Is the New Years Honours List Outdated?
The New Year Honours is a part of the British honours system, with New Year’s Day, 1 January, being marked by naming new members of orders of chivalry and recipients of other official honours.
Honours have been awarded at New Year since at least 1890, in which year a list of Queen Victoria’s awards was published by the London Gazette on 2 January.
A total of 1,197 people have been recognised for their achievements in the New Year Honours list. The majority are unknown to the wider public and have undertaken outstanding work in their communities which is being applauded.
Some of our best loved and most highly acclaimed sportsmen and women are to be given honours including soon to be Dame Jessica Ennis-Hill, Sir Andy Murray, Sir Bradley Wiggins and Sir Mo Farah. Likewise many famous actresses and actors receive honours such as Sir Ken Dodd who has been given a Knighthood at 89 for services to arts, entertainment and charities.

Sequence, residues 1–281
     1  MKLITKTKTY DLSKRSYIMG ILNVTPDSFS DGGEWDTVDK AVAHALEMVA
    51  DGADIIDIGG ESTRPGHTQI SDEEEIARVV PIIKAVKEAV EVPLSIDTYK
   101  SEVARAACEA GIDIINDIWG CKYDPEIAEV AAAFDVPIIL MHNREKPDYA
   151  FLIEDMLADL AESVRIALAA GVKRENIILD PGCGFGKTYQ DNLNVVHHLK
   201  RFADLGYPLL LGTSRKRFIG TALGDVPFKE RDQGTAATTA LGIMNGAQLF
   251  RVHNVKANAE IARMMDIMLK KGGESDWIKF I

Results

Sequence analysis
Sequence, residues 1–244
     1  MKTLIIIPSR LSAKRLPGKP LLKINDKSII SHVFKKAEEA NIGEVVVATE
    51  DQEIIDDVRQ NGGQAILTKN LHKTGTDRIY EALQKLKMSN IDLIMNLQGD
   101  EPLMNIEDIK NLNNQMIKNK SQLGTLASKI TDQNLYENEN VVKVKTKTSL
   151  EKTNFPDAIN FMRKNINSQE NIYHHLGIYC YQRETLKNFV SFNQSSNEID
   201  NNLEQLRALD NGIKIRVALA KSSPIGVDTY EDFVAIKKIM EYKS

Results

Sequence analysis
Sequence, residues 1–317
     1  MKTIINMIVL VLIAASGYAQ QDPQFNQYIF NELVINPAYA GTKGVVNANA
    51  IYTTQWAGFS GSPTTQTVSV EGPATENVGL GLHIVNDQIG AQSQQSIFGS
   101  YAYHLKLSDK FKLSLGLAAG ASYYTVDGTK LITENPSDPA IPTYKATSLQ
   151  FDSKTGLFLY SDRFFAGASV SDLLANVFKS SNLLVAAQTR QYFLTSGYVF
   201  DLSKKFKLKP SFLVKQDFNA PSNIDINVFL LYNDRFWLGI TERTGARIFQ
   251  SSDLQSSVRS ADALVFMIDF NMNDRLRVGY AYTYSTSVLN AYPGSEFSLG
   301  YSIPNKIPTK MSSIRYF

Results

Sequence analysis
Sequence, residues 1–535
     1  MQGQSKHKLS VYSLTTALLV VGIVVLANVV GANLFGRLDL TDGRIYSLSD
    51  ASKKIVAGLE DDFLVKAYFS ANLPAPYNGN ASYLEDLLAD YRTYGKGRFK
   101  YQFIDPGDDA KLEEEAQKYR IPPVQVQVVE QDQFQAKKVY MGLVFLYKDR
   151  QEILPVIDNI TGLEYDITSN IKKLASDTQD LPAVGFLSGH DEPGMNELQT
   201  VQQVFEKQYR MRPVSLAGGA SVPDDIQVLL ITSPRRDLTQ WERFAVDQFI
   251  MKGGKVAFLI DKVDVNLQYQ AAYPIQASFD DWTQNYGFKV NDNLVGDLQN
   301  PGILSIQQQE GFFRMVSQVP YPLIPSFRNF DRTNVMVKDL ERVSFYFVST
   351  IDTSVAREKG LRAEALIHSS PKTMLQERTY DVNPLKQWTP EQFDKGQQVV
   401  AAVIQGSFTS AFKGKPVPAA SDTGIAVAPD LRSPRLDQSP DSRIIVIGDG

However there is growing discontent about the amount of honours given by politicians. Theresa May has been accused of rewarding failure after Mark Lowcock the permanent secretary at the Department for International Development which oversaw the largest investment in an overseas territory, the airport at St Helena, which is too windy and dangerous to use.
Paul Flynn, a Labour member of the public administration and constitutional affairs committee has said a change is needed. “It is time to scrap the system and start again” he said. John Mann the Labour MP for Bassetlaw, said it was “the old boys network at its very worse”
What are your views about the New Years Honours List? Should it continue or be overhauled? Is it open to abuse by politicians. Should we even have these types of honours in modern day Britain or are they outdated?